Vietjet Seeks MRO Self-Reliance


VietJet plans to establish an aircraft maintenance organization to support its rapidly growing fleet.

Credit: Airbus/Christian Brinkmann

VietJet Air is among Southeast Asia’s fastest growing airlines. Together with its affiliate Thai VietJet, the group has more than 100 aircraft in service and an additional 260 on order, including roughly 110 Airbus A320neos and over 150 Boeing 737 MAX aircraft. To prepare itself for the impending ramp-up in operations, the low-cost carrier is in the process of establishing its own aircraft maintenance organization.

“VietJet plans to establish an [aircraft maintenance organization] to meet the high demand for maintenance services that a fleet of more than 100 aircraft requires and provide us the flexibility and cost controls that are difficult to achieve when outsourcing,” says VietJet Chief Operating Officer Michael Hickey.

“VietJet’s long-term investment strategy—combined with the support from the local authorities, OEMs and potential partners in the region and globally—is expected to pave the way for the investment and operation of our MRO facility in the coming time,” Hickey adds.

The airline’s maintenance arm, unofficially named VietJet MRO, provides technical services for a range of aircraft up to code F, including those currently registered in Vietnam such as the Boeing 777, 787, Airbus A330 and A350. However, the maintenance branch of the Thai carrier will initially focus on narrowbody aircraft such as the A320, A321, 737 MAX and 737-800 to cater to its own fleet. It will have both FAA and European Union Aviation Safety Agency certification on top of the local Civil Aviation Authority of Vietnam certification.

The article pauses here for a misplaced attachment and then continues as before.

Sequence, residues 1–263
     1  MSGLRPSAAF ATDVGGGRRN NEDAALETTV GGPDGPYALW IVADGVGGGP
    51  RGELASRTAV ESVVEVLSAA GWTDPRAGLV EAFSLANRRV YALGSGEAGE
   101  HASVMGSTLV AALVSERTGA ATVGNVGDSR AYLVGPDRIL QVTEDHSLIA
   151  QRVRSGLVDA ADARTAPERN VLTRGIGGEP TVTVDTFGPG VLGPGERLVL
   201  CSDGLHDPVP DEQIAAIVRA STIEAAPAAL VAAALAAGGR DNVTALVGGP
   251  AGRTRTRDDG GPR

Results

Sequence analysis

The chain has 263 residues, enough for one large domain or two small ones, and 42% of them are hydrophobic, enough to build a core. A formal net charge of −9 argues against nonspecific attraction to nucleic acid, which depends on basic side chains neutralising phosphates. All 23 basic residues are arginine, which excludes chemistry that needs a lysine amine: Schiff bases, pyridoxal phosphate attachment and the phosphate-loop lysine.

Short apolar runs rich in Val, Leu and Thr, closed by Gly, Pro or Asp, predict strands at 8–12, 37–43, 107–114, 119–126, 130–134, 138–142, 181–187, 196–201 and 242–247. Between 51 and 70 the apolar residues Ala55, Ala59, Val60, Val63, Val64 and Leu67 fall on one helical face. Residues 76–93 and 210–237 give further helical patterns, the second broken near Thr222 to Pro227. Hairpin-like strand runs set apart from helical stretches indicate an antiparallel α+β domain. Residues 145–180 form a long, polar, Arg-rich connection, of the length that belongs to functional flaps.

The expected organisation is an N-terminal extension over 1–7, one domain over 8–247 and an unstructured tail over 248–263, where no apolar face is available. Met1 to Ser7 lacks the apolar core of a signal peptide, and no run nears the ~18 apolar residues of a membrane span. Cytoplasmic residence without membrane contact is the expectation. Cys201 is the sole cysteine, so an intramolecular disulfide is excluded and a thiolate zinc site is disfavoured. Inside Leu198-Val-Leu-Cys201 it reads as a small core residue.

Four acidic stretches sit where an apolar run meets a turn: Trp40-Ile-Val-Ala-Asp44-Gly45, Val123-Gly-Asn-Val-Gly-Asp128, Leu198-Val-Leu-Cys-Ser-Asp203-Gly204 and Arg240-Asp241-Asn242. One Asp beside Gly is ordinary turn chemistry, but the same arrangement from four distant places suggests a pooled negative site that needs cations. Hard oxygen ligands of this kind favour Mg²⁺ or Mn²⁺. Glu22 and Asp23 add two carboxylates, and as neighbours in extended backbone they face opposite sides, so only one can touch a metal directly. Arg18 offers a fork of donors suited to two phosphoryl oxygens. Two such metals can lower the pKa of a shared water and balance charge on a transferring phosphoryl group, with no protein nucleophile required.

The airline has several third-party MRO partnerships in the Southeast Asian region to support its operations, including SIA Engineering, Lufthansa Technik, GMF AeroAsia, Asia Aero Technic and ST Engineering Aerospace. Its recent MRO collaborations include a deal with ST Engineering through which the Singaporean company provided maintenance-by-the-hour for VietJet’s entire fleet.

“While we have been happy with the service levels we have experienced, we feel that there is a lack of capacity in this region,” Hickey says. “And that, combined with our aircraft orders and fleet growth plans, is more than sufficient to justify our exciting new plans.”

A significant shift in the carrier’s operations and fleet is the introduction of the A330-300 widebody aircraft, serving new markets such as Australia and Kazakhstan. Vietjet currently has seven A330s.

“From a technical perspective, the plan included: working with the OEMs to review their reliability recommendations; working with previous and existing operators to understand reliability areas that we need to focus on; the renovation and upgrade of our maintenance infrastructure; the establishment of new workshops and hangars; and the improvement of our supply chain,” Hickey says.

VietJet has also opted for Rolls-Royce’s TotalCare service to support the A330’s Trent 700 engines.

The airline has recruited A330 technical experts while simultaneously providing comprehensive training to upskill its existing engineers and mechanics. It has also expanded the capability of its Maintenance Operations Center (MOC) as a central hub to address recurring issues and facilitate quick recovery in case of an AOG situation. Hickey says the revised and improved MOC will play a crucial role in coordinating maintenance activities and ensuring efficient troubleshooting.

As far as technology is concerned, VietJet is further expanding its use of the Swiss-AS AMOS mobile application and introducing electronic tech logs for efficient and streamlined digital maintenance processes. VietJet also plans to establish an AMOS Competence Center to ensure optimal utilization of the system.

VietJet will be hiring a range of personnel to ensure sufficient capacity to its growth, but upskilling current staff is a primary focus to guarantee a stable talent pipeline.

“Upskilling existing staff and providing a pathway into the industry for new entrants will be a priority,” Hickey says. “With such a large operation, we will be focusing on providing high-quality training to many new entrants to the industry that we will employ to ensure we have sufficient skilled staff available as we expand our business.” 

Chen Chuanren

Chen Chuanren is the Southeast Asia and China Editor for the Aviation Week Network’s (AWN) Air Transport World (ATW) and the Asia-Pacific Defense Correspondent for AWN, joining the team in 2017.